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Valley Vintage

Local History Blog

  • Jun 08, 2011

    Capitol and Hwy 6: End of an Era

    The deconstruction of the buildings at the corner of Capitol and Highway 6 in Eagle has recently continued with warmer weather.   Of these structures, the largest building has been a part of the Town of Eagle’s history since 1893, when Charley Nogal started a small hotel business.  By 1894, this imposing structure was a thriving hotel for travelers and railroad workers.     Read More »

  • May 16, 2011

    Whatever Happened to…the Bond Coach School?

    On June 16, 1934, the Dotsero Cutoff was dedicated, shortening the rail distance between Denver and Salt Lake City by 173 miles, creating a direct route from Chicago to Denver to San Francisco.  The connection/switch where the Denver & Salt Lake left to join the Denver & Rio Grande Western was at Orestod (Dotsero spelled backwards), 38 miles from Dotsero, and this is where the D&RGW established its Bond station....    Read More »

  • May 04, 2011

    Preservation and Nimon-Walker

    What better way to recognize National Preservation Week (April 24-30, 2011) than to celebrate Local History in Eagle County.  Since 2001, the Eagle Valley Library District, in cooperation with the Eagle County Historical society, has recognized individuals whose work has helped preserve the history of Eagle County by the Nimon Walker Award [Jim Nimon and Louise Walker being the first recipients]. The Beck Family of Red Cliff, the eastern end of Eagle County, is the 2011 recipient of the Nimon-...    Read More »

  • Apr 11, 2011

    100 Years of Gypsum

    This fall, Gypsum marks its 100th anniversary as an incorporated town in Eagle County .  According to the Eagle County Blade of August 11, 1911, “Yes, we are taking steps to incorporate…We will in the course of a few days have electricity available for lighting and will then be the only town in the county to have taken that progressive step…I want you to know that Gypsum today has as good mercantile institutions and is doing as much business as any town in the county.” During Gypsum...    Read More »

  • Mar 16, 2011

    Changes at Pando

    The narrow, crescent-shaped valley where Camp Hale was to be built had a train stop at the northern end, Pando, and meadows and woods at the south-eastern end called Eagle Park.  In 1898, Col. Lew Frances of Pando cut and shipped timber from his ranch through Leadville.  By 1922, Herman Stein had incorporated the Pando Sheep and Land Company, using Eagle Park as high grazing land.  The Isabell Ranch in Eagle Park was famous for its lettuce and spinach grown by Denny Isabell and after him, the...    Read More »

  • Feb 16, 2011

    February 18-25, 1945

    January 1945, sixty-six years ago now, marked the beginning of the 10th Mountain Division’s campaign to secure Riva Ridge and the Belvedere massif, controlled by the German  Panzer Corps and the Mountain Corps.  In order to get to the Apennines, the 10th moved through Italy at night.  Rain and wet snow turned hazardous roads to mud.  Regular small-arms fire from German patrols provided tension.   All three regiments, 85th, 86th, 87th, set up between the Serchio River and the base of Mt....    Read More »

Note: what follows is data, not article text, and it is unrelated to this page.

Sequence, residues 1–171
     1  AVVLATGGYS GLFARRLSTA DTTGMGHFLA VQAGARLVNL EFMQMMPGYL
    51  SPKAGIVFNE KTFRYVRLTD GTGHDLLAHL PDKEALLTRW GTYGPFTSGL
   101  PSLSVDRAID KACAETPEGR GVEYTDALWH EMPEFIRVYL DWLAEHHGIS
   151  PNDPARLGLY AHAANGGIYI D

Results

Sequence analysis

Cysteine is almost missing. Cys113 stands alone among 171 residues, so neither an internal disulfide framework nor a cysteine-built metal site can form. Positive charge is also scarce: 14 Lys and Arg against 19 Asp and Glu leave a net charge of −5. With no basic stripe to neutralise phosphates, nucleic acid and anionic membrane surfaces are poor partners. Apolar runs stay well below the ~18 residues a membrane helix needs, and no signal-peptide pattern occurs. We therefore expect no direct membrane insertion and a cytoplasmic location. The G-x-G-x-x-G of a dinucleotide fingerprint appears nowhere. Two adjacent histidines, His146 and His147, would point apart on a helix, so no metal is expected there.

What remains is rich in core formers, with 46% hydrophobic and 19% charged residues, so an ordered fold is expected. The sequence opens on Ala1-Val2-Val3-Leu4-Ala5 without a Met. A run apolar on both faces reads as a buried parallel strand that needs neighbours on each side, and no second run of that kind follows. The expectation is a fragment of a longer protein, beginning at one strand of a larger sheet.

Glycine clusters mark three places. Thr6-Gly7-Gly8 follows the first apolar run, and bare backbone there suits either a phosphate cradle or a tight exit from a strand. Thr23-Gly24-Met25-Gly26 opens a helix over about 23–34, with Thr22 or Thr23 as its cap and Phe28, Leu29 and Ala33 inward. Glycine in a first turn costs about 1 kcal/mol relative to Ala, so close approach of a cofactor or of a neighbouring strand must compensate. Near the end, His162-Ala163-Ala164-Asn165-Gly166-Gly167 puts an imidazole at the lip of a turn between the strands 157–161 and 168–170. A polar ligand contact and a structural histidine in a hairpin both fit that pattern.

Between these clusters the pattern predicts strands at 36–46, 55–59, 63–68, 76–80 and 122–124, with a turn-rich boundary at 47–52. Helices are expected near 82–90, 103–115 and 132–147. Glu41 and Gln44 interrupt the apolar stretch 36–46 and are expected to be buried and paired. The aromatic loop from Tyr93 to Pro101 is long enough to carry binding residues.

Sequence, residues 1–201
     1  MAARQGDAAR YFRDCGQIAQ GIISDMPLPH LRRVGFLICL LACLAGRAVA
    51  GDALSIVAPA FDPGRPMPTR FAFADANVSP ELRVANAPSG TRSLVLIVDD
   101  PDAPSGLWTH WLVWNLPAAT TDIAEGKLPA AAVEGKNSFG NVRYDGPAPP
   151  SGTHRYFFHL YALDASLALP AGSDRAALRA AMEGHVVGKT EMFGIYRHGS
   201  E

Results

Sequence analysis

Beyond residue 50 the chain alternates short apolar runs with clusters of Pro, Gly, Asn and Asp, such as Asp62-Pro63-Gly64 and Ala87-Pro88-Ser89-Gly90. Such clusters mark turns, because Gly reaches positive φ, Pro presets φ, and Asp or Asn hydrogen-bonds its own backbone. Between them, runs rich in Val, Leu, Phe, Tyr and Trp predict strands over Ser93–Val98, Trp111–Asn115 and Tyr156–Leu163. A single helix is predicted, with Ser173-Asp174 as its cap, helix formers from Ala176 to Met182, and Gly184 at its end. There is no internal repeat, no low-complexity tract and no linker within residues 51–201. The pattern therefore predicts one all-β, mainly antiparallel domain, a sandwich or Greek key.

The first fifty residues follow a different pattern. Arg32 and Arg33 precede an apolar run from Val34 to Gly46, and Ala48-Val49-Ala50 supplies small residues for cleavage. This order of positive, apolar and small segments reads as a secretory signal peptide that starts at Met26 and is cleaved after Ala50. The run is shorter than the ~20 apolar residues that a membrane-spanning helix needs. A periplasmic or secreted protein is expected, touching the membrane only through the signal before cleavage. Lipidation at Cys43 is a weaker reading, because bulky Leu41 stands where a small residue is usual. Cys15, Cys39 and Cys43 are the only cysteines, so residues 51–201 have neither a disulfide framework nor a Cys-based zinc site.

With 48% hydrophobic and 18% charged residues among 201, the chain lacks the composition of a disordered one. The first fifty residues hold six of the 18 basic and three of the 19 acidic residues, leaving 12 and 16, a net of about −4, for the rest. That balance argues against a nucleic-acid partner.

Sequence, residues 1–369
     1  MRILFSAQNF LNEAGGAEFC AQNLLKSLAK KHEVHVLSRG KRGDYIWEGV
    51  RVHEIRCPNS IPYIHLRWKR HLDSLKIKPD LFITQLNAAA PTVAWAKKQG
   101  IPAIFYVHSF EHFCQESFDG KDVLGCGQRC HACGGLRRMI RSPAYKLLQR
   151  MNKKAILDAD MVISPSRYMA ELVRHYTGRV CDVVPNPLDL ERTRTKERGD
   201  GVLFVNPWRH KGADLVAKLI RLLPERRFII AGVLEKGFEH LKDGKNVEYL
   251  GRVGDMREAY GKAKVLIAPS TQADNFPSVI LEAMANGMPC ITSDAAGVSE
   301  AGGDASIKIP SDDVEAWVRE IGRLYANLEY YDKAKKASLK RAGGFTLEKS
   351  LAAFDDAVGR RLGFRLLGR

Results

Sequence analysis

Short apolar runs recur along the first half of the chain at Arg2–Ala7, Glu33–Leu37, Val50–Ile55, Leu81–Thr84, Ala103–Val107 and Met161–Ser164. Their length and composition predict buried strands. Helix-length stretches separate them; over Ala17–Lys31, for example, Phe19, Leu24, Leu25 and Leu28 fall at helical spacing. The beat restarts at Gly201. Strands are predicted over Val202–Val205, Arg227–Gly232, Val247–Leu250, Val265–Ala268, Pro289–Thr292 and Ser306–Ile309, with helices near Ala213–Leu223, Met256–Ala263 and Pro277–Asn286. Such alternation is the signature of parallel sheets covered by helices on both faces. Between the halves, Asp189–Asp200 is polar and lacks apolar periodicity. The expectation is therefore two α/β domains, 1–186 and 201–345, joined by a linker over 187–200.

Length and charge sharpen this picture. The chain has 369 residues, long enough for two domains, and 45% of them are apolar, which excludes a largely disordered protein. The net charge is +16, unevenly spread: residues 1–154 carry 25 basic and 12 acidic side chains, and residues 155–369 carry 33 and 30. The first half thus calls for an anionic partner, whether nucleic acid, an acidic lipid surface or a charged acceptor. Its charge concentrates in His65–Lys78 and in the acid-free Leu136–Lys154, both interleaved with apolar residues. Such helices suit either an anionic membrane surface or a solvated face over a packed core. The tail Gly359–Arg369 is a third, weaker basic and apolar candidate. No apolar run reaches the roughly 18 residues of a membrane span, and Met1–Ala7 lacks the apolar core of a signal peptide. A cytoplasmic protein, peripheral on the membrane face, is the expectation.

• Feb 04, 2011

    The Red Book

    In every local history collection, there is a gem unique to that collection, which epitomizes interest in the area.  For Eagle County, we have A History of Eagle County.  It was a compilation written by school children and their teachers in the early 1940s, in scrapbook form.   Each local community was given a section making eighteen sections total, covering Red Cliff to Basalt.  Photographs and maps were included...    Read More »

  • Jan 18, 2011

    Bozhe moi! [My God!]

    We've all heard stories about records being lost in town hall fires and floods,  monastery libraries ravaged by infidels (even infidel co-religionists), and folk just throwing out piles of photographs and papers when a loved one dies without sorting for importance. The documentation for historical purposes is critical in that local history becomes local myth and legend without a little backup.    Read More »

  • Dec 30, 2010

    Happy 2011!

    One hundred years ago, the Eagle Valley Enterprise  noted in an editorial [“Growth and Prosperity,” Dec. 30, 1910] that agriculture was finally coming into its own through a combination of water (irrigation) and science.  The pioneers who came west to “wrest a fortune from the mountains by mining” ended up finding greener (easier?) gold in the fields and pastures of Eagle County.  “Development of Eagle County’s agricultural possibilities to the vast extent of the present has been a...    Read More »

  • Dec 08, 2010

    Pando (not a typo)

    On December 7, 1941, Pearl Harbor was bombed and the United States finally committed to World War II.   The 1st Battalion (Reinforced) 87th Mountain Infantry Regiment, activated on November 15, 1941, at Fort Lewis, Washington, needed a place large enough to train for division-sized maneuvers and where they could fire live ammunition.   The place the Army found was Pando, a settlement located at the northern end of the Pando Valley, on the main line of the Denver and Rio Grande Railroad and U.S...    Read More »


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